Since then Las Vegas visitor traffic has recovered to new record highs.
Visitor traffic was 2.9% above the record set in 2014 and 8% above the pre-recession peak.
And convention attendance is returning. Here is the data from the Las Vegas Convention and Visitors Authority.
Click on graph for larger image.
The blue bars are annual visitor traffic (left scale), and the red line is convention attendance (right scale).
Convention traffic was up 14.0% in 2015 compared to 2014, but was still 6.6% below the pre-recession peak set in 2006.
It seemed like there were many housing related conventions during the housing bubble, so it has taken some time for convention attendance to recover.
by Bill McBride on 2/10/2016 01:29:00 PM
An excerpt from an article by Jon Hilsenrath at the WSJ: Fed Sees Risks to U.S. Economy Rising
The Fed’s assessment of the balance of risks is meaningful because officials won’t be inclined to raise short-term interest rates again if it sees growing risks to the outlook. Ms. Yellen’s testimony therefore underscores the market’s belief that a rate increase in March is highly unlikely ... In her testimony, Ms. Yellen made clear she saw an abundance of risks that could undermine growth and hiring and hold inflation down longer than hoped or expected.A rate hike in March seems very unlikely at this point, but Yellen still expects gradual increases in the Fed Funds rate going forward.
by Bill McBride on 2/10/2016 09:07:00 AM
From Fed Chair Janet Yellen: Semiannual Monetary Policy Report to the Congress. Excerpt:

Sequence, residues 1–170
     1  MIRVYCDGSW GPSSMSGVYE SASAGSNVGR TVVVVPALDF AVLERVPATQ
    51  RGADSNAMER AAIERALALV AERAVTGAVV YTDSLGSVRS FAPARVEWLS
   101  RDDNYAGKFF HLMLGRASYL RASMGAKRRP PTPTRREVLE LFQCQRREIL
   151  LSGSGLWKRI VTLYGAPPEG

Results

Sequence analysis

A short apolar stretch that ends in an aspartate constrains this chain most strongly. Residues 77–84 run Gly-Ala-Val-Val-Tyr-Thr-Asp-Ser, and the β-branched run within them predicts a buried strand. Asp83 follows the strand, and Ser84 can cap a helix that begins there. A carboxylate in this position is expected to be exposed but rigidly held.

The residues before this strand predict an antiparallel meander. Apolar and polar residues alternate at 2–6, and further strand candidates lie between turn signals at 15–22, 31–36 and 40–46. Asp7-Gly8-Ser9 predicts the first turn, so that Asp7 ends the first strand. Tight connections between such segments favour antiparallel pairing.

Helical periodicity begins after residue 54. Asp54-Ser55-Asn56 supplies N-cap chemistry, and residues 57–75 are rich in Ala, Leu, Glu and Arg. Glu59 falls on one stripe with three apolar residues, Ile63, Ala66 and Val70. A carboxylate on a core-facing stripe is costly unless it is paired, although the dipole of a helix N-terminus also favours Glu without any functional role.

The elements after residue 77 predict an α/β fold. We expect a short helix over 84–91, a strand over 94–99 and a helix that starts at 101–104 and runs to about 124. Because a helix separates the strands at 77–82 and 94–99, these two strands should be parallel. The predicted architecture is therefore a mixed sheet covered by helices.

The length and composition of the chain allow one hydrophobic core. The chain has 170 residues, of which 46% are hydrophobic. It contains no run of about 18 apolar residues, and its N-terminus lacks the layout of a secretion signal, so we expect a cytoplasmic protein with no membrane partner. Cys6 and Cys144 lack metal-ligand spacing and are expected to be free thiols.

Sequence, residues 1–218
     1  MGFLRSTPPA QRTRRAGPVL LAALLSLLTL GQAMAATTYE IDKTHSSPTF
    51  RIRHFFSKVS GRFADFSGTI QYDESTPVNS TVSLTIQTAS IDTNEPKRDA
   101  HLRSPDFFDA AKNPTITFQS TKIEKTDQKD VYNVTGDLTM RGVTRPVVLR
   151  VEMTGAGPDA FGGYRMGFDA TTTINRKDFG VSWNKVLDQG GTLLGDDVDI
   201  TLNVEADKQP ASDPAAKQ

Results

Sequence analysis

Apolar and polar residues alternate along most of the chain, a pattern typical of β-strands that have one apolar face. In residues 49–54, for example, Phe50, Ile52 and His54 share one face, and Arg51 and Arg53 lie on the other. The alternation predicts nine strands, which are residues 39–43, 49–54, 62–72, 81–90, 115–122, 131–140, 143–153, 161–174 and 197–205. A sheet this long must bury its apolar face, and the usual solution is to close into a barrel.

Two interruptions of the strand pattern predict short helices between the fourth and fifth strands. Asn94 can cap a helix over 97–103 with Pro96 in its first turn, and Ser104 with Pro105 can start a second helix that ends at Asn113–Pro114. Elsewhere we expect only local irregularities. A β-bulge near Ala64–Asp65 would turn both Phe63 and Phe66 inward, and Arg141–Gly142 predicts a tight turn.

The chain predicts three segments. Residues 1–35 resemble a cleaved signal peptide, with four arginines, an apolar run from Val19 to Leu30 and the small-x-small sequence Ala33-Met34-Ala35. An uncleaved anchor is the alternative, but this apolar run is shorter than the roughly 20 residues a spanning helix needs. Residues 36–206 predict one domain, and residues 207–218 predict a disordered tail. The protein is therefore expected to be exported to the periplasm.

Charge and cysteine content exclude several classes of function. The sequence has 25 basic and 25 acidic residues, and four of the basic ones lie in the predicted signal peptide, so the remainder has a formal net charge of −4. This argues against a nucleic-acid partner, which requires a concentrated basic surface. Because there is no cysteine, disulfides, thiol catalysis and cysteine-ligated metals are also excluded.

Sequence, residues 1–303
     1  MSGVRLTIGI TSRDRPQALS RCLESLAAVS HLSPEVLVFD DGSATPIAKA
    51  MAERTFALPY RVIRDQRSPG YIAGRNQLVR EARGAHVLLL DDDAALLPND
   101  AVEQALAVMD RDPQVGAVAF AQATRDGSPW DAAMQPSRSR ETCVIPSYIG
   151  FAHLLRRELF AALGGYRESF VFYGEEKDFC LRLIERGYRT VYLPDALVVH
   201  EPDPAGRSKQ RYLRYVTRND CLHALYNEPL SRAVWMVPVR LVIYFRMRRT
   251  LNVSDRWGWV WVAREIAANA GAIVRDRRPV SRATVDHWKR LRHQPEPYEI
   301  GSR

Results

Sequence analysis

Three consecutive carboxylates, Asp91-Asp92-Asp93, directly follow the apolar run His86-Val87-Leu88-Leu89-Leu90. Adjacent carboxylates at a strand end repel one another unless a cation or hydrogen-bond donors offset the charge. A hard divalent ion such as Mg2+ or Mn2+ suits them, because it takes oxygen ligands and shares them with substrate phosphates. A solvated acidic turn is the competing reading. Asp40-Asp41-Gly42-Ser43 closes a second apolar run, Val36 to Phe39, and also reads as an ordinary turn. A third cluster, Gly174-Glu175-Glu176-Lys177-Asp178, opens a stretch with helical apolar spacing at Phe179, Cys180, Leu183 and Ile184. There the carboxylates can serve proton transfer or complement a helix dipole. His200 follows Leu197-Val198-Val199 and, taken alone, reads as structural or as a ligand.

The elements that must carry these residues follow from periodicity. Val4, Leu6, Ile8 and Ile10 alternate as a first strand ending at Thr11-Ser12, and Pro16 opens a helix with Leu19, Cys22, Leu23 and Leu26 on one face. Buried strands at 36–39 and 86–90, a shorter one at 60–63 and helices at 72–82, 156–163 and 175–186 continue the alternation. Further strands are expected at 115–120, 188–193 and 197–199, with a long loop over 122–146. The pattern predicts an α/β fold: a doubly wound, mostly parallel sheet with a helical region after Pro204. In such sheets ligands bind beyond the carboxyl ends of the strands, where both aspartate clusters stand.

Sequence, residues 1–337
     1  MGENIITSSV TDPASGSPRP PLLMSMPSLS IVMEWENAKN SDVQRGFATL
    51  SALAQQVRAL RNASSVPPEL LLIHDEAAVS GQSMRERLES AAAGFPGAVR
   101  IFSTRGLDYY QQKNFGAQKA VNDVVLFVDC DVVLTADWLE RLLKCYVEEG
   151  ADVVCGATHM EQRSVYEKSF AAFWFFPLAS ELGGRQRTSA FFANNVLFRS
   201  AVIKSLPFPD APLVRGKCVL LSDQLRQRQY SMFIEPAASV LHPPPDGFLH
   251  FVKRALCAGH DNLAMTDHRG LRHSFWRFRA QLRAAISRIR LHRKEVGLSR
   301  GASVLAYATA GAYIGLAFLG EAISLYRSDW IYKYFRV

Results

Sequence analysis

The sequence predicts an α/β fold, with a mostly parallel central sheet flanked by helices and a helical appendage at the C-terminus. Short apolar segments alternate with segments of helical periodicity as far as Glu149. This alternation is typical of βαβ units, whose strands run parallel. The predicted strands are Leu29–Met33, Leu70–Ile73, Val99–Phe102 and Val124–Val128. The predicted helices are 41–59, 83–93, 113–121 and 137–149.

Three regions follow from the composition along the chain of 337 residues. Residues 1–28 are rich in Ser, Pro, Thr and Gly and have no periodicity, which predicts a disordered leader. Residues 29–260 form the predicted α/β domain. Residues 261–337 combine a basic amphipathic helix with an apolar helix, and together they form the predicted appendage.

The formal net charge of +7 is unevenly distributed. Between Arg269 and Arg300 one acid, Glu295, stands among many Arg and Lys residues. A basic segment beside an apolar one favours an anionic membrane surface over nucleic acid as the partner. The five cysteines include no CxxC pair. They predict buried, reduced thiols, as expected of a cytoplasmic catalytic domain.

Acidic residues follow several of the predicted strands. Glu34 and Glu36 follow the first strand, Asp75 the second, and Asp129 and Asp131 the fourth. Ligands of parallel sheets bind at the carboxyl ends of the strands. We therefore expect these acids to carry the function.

Financial conditions in the United States have recently become less supportive of growth, with declines in broad measures of equity prices, higher borrowing rates for riskier borrowers, and a further appreciation of the dollar. These developments, if they prove persistent, could weigh on the outlook for economic activity and the labor market, although declines in longer-term interest rates and oil prices provide some offset. Still, ongoing employment gains and faster wage growth should support the growth of real incomes and therefore consumer spending, and global economic growth should pick up over time, supported by highly accommodative monetary policies abroad. Against this backdrop, the Committee expects that with gradual adjustments in the stance of monetary policy, economic activity will expand at a moderate pace in coming years and that labor market indicators will continue to strengthen.
As is always the case, the economic outlook is uncertain. Foreign economic developments, in particular, pose risks to U.S. economic growth. Most notably, although recent economic indicators do not suggest a sharp slowdown in Chinese growth, declines in the foreign exchange value of the renminbi have intensified uncertainty about China's exchange rate policy and the prospects for its economy. This uncertainty led to increased volatility in global financial markets and, against the background of persistent weakness abroad, exacerbated concerns about the outlook for global growth. These growth concerns, along with strong supply conditions and high inventories, contributed to the recent fall in the prices of oil and other commodities. In turn, low commodity prices could trigger financial stresses in commodity-exporting economies, particularly in vulnerable emerging market economies, and for commodity-producing firms in many countries. Should any of these downside risks materialize, foreign activity and demand for U.S. exports could weaken and financial market conditions could tighten further.
Of course, economic growth could also exceed our projections for a number of reasons, including the possibility that low oil prices will boost U.S. economic growth more than we expect. At present, the Committee is closely monitoring global economic and financial developments, as well as assessing their implications for the labor market and inflation and the balance of risks to the outlook.
by Bill McBride on 2/10/2016 07:00:00 AM
Mortgage applications increased 9.3 percent from one week earlier, according to data from the Mortgage Bankers Association’s (MBA) Weekly Mortgage Applications Survey for the week ending February 5, 2016.Click on graph for larger image.